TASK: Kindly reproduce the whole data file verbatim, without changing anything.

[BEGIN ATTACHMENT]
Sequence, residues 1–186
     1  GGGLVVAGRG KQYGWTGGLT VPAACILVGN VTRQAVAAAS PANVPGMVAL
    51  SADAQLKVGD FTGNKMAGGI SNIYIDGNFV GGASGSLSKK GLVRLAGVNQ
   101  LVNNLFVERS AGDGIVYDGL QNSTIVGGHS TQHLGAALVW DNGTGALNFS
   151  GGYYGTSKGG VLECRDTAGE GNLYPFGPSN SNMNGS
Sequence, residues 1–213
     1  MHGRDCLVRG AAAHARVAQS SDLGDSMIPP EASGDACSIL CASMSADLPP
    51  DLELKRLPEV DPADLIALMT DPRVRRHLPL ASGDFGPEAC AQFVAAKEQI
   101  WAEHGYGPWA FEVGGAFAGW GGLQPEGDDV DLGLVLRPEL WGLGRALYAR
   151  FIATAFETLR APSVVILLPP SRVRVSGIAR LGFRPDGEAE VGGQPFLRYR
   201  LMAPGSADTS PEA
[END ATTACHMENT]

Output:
Sequence, residues 1–186
     1  GGGLVVAGRG KQYGWTGGLT VPAACILVGN VTRQAVAAAS PANVPGMVAL
    51  SADAQLKVGD FTGNKMAGGI SNIYIDGNFV GGASGSLSKK GLVRLAGVNQ
   101  LVNNLFVERS AGDGIVYDGL QNSTIVGGHS TQHLGAALVW DNGTGALNFS
   151  GGYYGTSKGG VLECRDTAGE GNLYPFGPSN SNMNGS
Sequence, residues 1–213
     1  MHGRDCLVRG AAAHARVAQS SDLGDSMIPP EASGDACSIL CASMSADLPP
    51  DLELKRLPEV DPADLIALMT DPRVRRHLPL ASGDFGPEAC AQFVAAKEQI
   101  WAEHGYGPWA FEVGGAFAGW GGLQPEGDDV DLGLVLRPEL WGLGRALYAR
   151  FIATAFETLR APSVVILLPP SRVRVSGIAR LGFRPDGEAE VGGQPFLRYR
   201  LMAPGSADTS PEA